More than all this, your passion for and commitment to the Word of God inspires and challenges me. Your preaching and teaching were one of the major factors in my decision to begin taking seminary classes online with Southern. The rigor of thought and careful exegesis that you employ are an example I want to follow. Thank you for your commitment to the Lord, His Church, and the thousands of seminary students under your care. We are forever grateful to God for your faithfulness.

#17 — JJ Watt

JJ,

I try to keep spectator sports in perspective. For folks like me, it’s entertainment, a hobby, a fun activity to watch with friends and family. As such, I regularly remind myself that it’s just a game, and that the athletes who work and train to put on that uniform are just regular guys who have worked really hard for the opportunity to play the game they love as a career.

All that said, I’m a huge fan, man. I admire your tenacity and your hard work. I appreciate the way you lift up others on your team and cheer their successes. I am amazed to see how far you’ve come in bouncing back from serious injuries, and through it all, you champion hard work, perseverance, and responsibility. From all outside appearances, it looks like you’re going about things the right way, and conducting yourself with respect and dignity. This is not always common in professional athletes. Thank you for doing it the right way.

Not only that, but you demonstrate how much you love your adopted hometown. Houston has had a couple tough years, but guys like you have used your platforms to shine light on local needs and lend a helping hand to those who needed it. I respect that so much. As a “naturalized” Houstonian who has lived most of his life here, let me say on behalf of our community, thank you for caring about your neighbors.

I’m looking forward to cheering my Texans on through the rest of the season and into the playoffs. So please, stay healthy, boss. (And tell Deshaun to slide more, for goodness sakes!)

#18 — Wretched Radio

Dear Mr. Mr. Mr. Mr. Mr. Friel, Tony, Joey, and the rest of the gang at Wretched,

Thank you, thank you, thank you for the ministry of Wretched. I have listened to hundreds of hours of Wretched Radio over the last several years. I haven’t agreed 100% with some of the finer points Todd or Tony have argued (but after that much time, you can’t expect anybody to!), but for the overwhelming majority of the time, I have been edified, encouraged, and convicted by your teaching and commentary. You’ve helped me to improve not only my discernment but also my prudence and tact in how I speak about issues in the church. Your work on Wretched has made me a better disciple, as well as a better Sunday School teacher and preacher. Thank you.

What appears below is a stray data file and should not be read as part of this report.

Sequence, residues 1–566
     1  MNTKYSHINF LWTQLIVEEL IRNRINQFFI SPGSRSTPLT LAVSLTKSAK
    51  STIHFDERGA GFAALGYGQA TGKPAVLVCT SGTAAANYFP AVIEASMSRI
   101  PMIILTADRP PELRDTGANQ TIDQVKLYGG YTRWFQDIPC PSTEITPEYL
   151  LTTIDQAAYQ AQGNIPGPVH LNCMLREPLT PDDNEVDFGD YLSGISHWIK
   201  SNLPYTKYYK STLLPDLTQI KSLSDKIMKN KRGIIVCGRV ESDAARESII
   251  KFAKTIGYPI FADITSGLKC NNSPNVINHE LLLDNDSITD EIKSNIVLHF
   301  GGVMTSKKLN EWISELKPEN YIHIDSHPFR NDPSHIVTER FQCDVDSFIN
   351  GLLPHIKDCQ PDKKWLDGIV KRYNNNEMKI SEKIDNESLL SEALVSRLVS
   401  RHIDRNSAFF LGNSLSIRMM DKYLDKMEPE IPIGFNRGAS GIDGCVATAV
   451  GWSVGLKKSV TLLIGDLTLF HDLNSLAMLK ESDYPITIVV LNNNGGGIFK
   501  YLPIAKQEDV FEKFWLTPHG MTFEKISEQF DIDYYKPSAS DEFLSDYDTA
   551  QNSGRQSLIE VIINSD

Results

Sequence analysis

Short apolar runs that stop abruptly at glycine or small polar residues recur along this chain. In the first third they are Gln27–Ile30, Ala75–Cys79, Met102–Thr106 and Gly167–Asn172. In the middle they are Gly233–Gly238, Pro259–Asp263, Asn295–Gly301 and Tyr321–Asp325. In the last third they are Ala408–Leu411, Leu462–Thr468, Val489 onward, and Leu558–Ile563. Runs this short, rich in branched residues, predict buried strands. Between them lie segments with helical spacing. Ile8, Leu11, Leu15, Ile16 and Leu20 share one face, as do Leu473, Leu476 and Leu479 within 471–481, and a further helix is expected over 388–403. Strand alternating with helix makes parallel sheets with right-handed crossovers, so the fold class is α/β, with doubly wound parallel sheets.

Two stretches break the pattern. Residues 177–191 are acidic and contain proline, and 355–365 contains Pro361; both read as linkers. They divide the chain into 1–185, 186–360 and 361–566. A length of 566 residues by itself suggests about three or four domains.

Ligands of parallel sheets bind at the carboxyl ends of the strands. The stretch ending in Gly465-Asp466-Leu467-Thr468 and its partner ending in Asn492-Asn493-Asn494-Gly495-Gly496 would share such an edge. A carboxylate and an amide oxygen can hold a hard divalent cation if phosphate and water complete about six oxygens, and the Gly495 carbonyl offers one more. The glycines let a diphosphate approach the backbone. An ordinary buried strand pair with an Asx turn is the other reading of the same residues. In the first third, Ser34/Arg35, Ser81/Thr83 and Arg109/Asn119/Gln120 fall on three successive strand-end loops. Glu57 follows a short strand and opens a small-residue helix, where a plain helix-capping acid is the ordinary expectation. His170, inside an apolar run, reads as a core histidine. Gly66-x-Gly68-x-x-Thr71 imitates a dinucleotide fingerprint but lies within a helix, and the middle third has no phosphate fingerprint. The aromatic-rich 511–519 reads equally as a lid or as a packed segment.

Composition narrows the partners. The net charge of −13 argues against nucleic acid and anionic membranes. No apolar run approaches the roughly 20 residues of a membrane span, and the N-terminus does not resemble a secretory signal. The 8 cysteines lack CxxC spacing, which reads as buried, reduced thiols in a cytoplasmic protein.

One thing in particular that has really impacted me lately is Todd’s intentional choices not to name names in certain discussions. It seems like the bulk of “discernment ministry” or theological analysis hits either of the two extremes (name all the names and burn them all down, or never say “boo” about a false teacher), but Wretched walks the tightrope of warning about wolves while at the same time seeking to avoid gossip and gleeful tale-bearing. This has been so instructive for me on how to handle delicate issues in the wider church with a mind to what is edifying and what is just salacious.

Thanks also for highlighting great ministries that your listeners can support. My hope is that my family can start supporting some of these Gospel ministries financially (along with Wretched, Lord-willing) in the coming years.

God bless you with many years of fruitful work ahead, because there is much, much still to do.

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That’s all for tonight. 3 more days of #30ThankYous to go! Be sure to check back for more tomorrow!

 

#30ThankYous “Day 25”: William Tyndale.

Brother William,

Not enough people know your story, even among the Church. Not enough people appreciate what you sacrificed, and what gifts you gave to your brothers and sisters.

I must confess (to my great shame) that in the ease and comfort of my 21st century life, I take for granted that I can look across the room and count almost a dozen copies of the Scriptures in my own language on my bookshelf. I even have copies of the Greek and Hebrew texts (though I have yet to learn how to read or use them!). I even walk around all day with a digital copy of the Scriptures in my pocket, yet almost never open it. (I’m all too quick to open up Twitter, on the other hand.)

And yet with all these options available to me, I’m ashamed to say that it is only in my 38th year of life that I will complete a full read-through of God’s Word within the calendar year. Point of fact, there were some sections of the Old Testament that I don’t believe I’ve ever read before this year.

I praise God that I’m developing more of a hunger to read His word. And I thank God for the work of men like you, who have labored and studied (even at the risk of their own lives) to make it possible for me to satisfy that holy hunger by feasting on the Word of God in my own language, along with the notes and comments of faithful preachers and scholars to aid my understanding. I don’t need to rely on a pastor or priest or pope to tell me what God has said, because I can take up and read it myself. What a privilege this is!

Thank you, William. I look forward to shaking your hand and thanking you in glory. Until then, brother, I join all the generations of believers who have come after you in thanking God for your life and work.

–Dave

#30ThankYous “Day 24”: Olivia.

Hey kiddo,

I’ve been looking forward to writing this one.

I know the last few years have been tough. High school and college are tough, anyway; having to learn as much as you can, as quickly as you can, so that you can make these really huge decisions about the direction of your life. No pressure, right?